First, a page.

Dams hurting frog habitat, lawsuit against feds claims

December 19, 2015
Dams hurting frog habitat, lawsuit against feds claims

Oregon Spotted Frog listed as threatened last year

By Scott Hammers

A conservation group has filed suit against the U.S. Bureau of Reclamation, alleging the operation of the Wickiup and Crane Prairie dams is damaging the habitat of the Oregon spotted frog.

The suit, filed Friday in U.S. District Court in Eugene by the Center for Biological Diversity, claims the operation of the two dams creates a cycle of flooding and drying along the banks of the Deschutes River, hampering the breeding of the frogs.

“If the Bureau of Reclamation keeps operating these two dams like it has, the Oregon spotted frog has little chance of survival,” said Noah Greenwald, endangered species director at the center, in a news release issued Friday. “The Bureau has turned the Deschutes River on its head with high flows in late summer and low flows in winter, exactly the opposite of how a natural river should flow. This harms not only the Oregon spotted frog, but salmon, steelhead and people that depend on the health of the river.”

The 2- to 4-inch black spotted frog was listed as a threatened species under the federal Endangered Species Act last year. The suit alleges the Bureau of Reclamation has failed to complete consultation with the U.S. Fish and Wildlife Service about the frog and its habitat, in violation of the Endangered Species Act. It further alleges the bureau failed to provide the Center for Biological Diversity with public records, in violation of the Freedom of Information Act.

Venetia Gempler with the Bureau of Reclamation said representatives of her agency met with the Center for Biological Diversity earlier this year to try to come to agreement, but that she was unfamiliar with the details of those meetings. The Bureau is in the process of developing a comprehensive conservation plan for the Deschutes River, she said, that aims to improve spotted frog habitat.

Late Friday, the Deschutes Basin Board of Control — a consortium representing the eight irrigation districts in the Deschutes basin — issued a news release in response to the suit, alleging it could result in reduced water supplies for farmers and ranchers across the region.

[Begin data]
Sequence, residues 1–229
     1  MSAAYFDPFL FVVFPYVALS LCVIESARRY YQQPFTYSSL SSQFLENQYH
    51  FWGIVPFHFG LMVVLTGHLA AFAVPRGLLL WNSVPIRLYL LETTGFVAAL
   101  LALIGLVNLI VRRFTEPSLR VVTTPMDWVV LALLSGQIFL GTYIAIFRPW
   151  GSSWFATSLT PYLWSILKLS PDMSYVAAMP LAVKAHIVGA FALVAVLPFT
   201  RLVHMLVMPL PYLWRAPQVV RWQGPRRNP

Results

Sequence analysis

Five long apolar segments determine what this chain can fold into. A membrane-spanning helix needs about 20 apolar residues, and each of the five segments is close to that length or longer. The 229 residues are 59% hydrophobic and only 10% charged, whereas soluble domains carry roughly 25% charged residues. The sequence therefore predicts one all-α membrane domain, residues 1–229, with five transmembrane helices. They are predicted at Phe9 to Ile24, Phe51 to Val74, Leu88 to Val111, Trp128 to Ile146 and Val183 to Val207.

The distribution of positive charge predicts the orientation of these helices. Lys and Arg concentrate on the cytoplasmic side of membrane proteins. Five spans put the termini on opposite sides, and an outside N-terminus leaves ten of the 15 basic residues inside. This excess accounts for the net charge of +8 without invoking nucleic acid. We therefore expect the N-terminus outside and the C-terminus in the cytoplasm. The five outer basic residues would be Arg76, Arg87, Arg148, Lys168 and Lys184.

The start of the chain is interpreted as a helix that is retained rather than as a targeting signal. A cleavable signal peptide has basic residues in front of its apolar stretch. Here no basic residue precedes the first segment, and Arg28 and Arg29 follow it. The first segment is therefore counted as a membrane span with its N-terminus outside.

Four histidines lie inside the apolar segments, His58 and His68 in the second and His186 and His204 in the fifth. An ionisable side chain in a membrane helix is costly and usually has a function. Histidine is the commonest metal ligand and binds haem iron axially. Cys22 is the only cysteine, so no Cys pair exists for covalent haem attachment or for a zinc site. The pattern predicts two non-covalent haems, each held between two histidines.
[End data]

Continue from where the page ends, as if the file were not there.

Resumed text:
The U.S. Fish and Wildlife Service, local irrigation districts and local governments have spent $5.3 million developing a conservation plan for the Deschutes basin since 2008, the release stated, which will include recommendations for improving spotted frog habitat. The release also highlighted irrigation districts’ conservation efforts, which have included canal piping and lining to minimize water loss due to seepage and evaporation, boosting the amount of water in the Deschutes River.

The two dams are used to manage flows on the Deschutes River year-round, increasing flows in summer to meet irrigation demand and reducing flows in winter to store water for the following irrigation season. Before the construction of the dams, the river level fluctuated minimally from winter to summer; today, flows range from as little as 20 cubic feet per second to as much as 1,400 cfs below the Wickiup Dam.

Taken together, the Wickiup and Crane Prairie reservoirs store approximately 255,000 acre feet of water, enough to cover the city of Bend nearly 12 feet deep.

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An aerial view of a body of water.